A fantasy novel by George MacDonald

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A FAERIE ROMANCE.                    225
lay open to the sky and sea. It rose nowhere more than a few feet above the level of the waters, which flowed deep all around its border. Here there seemed to be neither tide nor storm. A sense of persistent calm and fulness arose in the mind at the sight of the slow, pulse-like rise and fall of the deep, clear, unrippled waters against the bank of the island, for shore it could hardly be called, being so much more like the edge of a full, solemn river. As I walked over the grass towards the cottage, which stood at a little distance from the bank, all the flowers of childhood looked at me with perfect child-eyes out of the grass. My heart, softened by the dreams through which it had passed, overflowed in a sad, tender love towards them. They looked to me like children impregnably fortified in a help­less confidence. The sun stood half way down the western sky, shining very soft and golden; and there grew a second world of shadows amidst the world of grasses and wild flowers.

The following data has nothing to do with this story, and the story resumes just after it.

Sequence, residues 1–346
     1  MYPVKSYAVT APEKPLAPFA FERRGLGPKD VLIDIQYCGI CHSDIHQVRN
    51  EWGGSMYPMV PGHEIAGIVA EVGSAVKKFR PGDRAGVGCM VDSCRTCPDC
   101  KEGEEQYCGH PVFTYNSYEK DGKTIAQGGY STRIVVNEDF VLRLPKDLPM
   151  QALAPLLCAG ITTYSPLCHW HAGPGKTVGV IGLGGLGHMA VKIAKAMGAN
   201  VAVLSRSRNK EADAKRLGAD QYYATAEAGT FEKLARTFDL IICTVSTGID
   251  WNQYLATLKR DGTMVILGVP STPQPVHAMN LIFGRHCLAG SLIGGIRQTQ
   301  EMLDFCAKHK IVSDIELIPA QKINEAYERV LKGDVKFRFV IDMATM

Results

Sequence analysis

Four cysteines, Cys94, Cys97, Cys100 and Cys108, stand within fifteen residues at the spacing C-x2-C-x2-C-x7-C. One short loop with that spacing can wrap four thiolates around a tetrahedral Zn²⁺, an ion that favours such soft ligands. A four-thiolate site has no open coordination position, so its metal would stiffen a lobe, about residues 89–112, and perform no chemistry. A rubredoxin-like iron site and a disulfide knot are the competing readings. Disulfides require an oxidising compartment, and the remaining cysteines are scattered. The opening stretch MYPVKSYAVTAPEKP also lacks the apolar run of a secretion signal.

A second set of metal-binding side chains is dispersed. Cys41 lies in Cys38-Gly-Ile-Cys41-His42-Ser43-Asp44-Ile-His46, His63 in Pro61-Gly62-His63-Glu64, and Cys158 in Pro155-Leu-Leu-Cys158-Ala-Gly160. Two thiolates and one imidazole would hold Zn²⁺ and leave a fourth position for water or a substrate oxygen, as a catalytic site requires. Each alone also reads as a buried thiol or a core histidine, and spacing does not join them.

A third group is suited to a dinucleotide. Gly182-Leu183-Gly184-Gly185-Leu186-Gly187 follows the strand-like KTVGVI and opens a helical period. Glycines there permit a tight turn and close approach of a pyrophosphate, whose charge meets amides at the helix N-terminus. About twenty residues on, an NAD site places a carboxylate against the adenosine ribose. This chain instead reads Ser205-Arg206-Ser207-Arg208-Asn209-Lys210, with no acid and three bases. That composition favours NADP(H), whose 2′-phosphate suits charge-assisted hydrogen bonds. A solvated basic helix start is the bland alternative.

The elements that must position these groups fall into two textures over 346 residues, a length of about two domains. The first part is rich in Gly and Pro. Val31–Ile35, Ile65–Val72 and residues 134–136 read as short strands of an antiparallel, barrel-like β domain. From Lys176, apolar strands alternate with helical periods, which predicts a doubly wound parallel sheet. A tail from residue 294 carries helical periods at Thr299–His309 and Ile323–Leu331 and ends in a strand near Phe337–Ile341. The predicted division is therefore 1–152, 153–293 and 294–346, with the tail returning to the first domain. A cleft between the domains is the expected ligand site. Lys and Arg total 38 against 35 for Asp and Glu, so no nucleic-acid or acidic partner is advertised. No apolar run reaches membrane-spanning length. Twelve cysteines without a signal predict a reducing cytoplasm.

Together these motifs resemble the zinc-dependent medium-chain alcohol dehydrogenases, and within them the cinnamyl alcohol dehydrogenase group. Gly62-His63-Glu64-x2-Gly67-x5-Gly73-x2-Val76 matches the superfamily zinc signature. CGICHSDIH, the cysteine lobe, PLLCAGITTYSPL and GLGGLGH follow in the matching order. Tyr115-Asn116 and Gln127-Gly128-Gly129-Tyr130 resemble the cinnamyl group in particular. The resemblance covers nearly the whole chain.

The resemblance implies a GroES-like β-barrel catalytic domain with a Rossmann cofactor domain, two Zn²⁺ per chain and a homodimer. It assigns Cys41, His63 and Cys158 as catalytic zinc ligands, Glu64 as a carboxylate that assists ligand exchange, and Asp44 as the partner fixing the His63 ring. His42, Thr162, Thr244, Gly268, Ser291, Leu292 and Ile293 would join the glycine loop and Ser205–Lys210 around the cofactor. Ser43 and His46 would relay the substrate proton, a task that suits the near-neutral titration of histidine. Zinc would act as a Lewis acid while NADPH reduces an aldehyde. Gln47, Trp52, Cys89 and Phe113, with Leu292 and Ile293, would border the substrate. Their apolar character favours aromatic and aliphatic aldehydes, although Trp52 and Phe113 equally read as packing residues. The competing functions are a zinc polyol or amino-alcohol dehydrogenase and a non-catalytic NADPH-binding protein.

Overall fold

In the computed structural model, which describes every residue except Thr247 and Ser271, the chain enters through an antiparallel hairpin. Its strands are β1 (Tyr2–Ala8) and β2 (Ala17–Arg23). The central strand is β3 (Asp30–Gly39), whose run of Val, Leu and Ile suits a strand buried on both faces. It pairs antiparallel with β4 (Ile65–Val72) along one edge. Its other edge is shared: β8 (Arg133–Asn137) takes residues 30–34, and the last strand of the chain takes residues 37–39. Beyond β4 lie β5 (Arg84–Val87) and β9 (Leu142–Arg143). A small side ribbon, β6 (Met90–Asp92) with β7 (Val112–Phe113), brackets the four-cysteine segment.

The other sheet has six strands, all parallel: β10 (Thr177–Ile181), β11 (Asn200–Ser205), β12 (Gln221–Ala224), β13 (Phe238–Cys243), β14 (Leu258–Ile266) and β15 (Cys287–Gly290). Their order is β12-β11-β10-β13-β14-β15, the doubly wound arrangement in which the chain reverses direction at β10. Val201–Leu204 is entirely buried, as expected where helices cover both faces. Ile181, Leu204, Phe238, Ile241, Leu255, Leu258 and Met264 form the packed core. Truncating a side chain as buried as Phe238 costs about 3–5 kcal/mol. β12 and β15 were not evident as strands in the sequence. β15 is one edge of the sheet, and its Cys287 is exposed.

The cottage was square, with low walls, and a high pyramidal roof thatched with long reeds, of which the withered blossoms hung over all the eaves. It is noticeable that most of the buildings I saw in Fairy Land were cottages. There was no path
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